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Development of Myocardial Constructs Using Modulus-Matched Acrylated Polypropylene Glycol Triol (aPPGT) Substrate and Different Non-Myocyte Cell Populations.
MedLine Citation:
PMID:  21542698     Owner:  NLM     Status:  Publisher    
Tissue engineering approaches are currently being investigated for the restoration of myocardial function in heart failure patients, most commonly by combining cells with a substrate to form myocardial-like constructs. The final properties of these constructs are dependant on the characteristics of both the substrate and the cells used for fabrication. In order to create a construct with the appropriate mechanical properties required for any future therapeutic, we tailored an acrylated polypropylene glycol triol (aPPGT) substrate to the elastic modulus of heart tissue and then investigated the fabrication of myocardial-like constructs. We firstly assessed the aPPGT substrate alone in vivo, both under normal conditions and in an infarct model in mice, and found that there was a mild foreign body response with good integration of the substrate into the epicardial surface in mice hearts. We next studied the fabrication and properties of myocardial-like constructs by culturing mouse embryonic cardiomyocytes on the aPPGT substrate. In order to achieve myocardial-like concentrically contractile constructs, co-cultures with supportive stromal cells were found to be essential and both mouse heart derived stromal cells or bone-derived mouse mesenchymal stromal progenitor cells (mMSCs) could be used. These different stromal cell types produced myocardial-like constructs with different properties. The average beating rate of the constructs formed from mouse heart derived stromal cells was significantly higher those constructs formed using mMSCs. Conversely, the constructs formed using mMSCs had reduced fibrotic extracellular matrix secretion and increased hepatocyte growth factor expression. Both of these mMSC construct properties may enhance integration and therapeutic efficacy of the construct post implantation on the surface of the infarcted heart. This study thus demonstrates the formation of myocardial-like constructs using mechanically tailored aPPGT substrate and also demonstrates the effects of different stromal cell populations have on the properties of the resultant myocardial-like constructs, both of which are critical for future applications of tissue engineering in heart failure patients.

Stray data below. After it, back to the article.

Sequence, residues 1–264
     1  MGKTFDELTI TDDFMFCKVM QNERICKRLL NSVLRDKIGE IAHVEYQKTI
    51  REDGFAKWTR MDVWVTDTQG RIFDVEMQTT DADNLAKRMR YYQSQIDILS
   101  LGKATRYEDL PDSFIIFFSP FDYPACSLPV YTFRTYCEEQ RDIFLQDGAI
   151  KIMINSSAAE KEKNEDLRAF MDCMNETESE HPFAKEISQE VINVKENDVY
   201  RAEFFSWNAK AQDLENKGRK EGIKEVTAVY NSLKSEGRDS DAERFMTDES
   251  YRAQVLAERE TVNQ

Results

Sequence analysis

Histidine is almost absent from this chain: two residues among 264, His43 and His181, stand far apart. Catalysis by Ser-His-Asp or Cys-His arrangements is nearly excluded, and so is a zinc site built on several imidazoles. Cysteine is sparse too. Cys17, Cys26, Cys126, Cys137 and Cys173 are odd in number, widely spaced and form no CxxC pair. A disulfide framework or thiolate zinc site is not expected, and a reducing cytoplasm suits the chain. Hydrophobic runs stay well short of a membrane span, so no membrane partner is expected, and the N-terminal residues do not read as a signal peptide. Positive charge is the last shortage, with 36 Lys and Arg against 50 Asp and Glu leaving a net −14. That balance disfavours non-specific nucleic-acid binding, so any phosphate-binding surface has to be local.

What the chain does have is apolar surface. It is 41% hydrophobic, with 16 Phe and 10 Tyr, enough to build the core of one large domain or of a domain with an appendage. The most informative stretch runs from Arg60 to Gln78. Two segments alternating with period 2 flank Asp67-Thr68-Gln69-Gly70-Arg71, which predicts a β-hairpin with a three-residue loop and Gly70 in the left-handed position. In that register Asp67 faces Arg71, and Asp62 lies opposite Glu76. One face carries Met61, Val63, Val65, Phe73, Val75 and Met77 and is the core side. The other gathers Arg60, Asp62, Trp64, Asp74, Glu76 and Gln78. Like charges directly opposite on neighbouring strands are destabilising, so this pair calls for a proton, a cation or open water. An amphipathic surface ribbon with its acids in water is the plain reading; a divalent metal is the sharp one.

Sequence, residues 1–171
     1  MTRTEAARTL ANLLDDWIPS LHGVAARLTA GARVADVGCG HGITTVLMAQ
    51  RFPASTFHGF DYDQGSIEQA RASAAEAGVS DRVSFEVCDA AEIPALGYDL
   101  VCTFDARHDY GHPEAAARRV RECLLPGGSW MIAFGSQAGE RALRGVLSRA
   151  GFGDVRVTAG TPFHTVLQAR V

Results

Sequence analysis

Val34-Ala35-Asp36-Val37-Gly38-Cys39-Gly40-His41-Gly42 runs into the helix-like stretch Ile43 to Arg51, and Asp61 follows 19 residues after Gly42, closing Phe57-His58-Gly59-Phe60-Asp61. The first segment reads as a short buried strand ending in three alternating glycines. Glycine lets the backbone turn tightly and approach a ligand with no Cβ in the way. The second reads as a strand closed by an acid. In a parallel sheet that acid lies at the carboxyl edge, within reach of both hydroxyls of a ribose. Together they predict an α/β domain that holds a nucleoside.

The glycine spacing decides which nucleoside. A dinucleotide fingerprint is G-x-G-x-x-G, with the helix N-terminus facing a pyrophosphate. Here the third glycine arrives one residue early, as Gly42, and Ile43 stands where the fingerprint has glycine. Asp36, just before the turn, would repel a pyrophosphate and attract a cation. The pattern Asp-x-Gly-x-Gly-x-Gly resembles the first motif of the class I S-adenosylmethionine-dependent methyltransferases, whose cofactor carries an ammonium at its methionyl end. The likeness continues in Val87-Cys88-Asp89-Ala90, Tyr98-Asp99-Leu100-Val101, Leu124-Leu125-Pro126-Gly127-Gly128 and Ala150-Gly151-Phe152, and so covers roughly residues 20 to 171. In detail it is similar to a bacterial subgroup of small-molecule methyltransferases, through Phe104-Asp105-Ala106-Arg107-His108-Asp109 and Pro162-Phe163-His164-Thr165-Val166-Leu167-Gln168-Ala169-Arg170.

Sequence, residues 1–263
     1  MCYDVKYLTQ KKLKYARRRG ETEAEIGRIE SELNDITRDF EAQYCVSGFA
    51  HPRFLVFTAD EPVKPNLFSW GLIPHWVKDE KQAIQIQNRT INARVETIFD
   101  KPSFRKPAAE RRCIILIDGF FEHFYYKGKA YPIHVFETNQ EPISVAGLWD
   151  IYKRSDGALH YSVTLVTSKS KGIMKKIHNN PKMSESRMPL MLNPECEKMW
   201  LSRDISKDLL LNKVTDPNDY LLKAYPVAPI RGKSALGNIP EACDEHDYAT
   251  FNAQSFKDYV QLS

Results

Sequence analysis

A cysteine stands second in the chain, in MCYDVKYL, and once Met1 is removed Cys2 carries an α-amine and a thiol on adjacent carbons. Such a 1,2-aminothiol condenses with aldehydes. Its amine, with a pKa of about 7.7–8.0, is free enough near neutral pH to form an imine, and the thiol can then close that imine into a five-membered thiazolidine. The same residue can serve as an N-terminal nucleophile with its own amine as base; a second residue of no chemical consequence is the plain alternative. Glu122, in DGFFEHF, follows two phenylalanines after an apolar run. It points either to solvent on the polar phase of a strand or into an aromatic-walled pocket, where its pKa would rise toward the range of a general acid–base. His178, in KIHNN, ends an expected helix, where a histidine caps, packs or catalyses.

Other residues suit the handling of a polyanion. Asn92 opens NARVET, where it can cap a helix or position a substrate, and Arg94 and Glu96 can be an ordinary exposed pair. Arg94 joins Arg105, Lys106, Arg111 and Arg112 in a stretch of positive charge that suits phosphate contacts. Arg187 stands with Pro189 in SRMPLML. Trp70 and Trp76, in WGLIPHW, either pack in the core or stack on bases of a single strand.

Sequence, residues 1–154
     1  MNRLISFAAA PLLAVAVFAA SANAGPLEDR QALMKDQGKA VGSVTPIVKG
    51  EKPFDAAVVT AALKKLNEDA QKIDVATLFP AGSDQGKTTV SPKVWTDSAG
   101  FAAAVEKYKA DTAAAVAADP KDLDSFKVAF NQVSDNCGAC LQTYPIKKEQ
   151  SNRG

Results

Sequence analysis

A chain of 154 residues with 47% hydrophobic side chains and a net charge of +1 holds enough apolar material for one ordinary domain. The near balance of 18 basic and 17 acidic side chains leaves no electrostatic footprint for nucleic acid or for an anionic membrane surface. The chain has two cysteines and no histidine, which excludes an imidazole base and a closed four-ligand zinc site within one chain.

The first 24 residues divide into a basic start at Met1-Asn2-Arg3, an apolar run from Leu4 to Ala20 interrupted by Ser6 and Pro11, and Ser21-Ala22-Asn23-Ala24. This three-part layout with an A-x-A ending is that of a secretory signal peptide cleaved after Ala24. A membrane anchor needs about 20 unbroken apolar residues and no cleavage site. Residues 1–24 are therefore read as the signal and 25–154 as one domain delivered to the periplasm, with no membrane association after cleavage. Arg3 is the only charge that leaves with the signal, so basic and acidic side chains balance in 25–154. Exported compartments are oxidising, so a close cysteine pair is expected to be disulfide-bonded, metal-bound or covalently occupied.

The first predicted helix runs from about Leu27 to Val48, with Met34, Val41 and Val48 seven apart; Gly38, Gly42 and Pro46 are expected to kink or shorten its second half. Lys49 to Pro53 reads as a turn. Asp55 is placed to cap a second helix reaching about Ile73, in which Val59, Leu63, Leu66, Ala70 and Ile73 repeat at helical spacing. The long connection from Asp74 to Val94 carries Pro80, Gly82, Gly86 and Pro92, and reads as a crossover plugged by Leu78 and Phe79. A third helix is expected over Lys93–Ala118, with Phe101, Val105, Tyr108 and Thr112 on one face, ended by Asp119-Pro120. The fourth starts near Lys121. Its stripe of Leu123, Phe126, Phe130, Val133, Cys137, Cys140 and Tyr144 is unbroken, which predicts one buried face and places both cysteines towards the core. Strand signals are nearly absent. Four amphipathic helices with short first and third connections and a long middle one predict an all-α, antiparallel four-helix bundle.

James E Hudson; Gary Brooke; Chris Blair; Ernst Wolvetang; Justin John Cooper-White
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Publication Detail:
Type:  JOURNAL ARTICLE     Date:  2011-5-4
Journal Detail:
Title:  Tissue engineering. Part A     Volume:  -     ISSN:  1937-335X     ISO Abbreviation:  -     Publication Date:  2011 May 
Date Detail:
Created Date:  2011-5-5     Completed Date:  -     Revised Date:  -    
Medline Journal Info:
Nlm Unique ID:  101466659     Medline TA:  Tissue Eng Part A     Country:  -    
Other Details:
Languages:  ENG     Pagination:  -     Citation Subset:  -    
The University of Queensland, Australian Institute for Bioengineering and Nanotechnology, Brisbane, Queensland, Australia;
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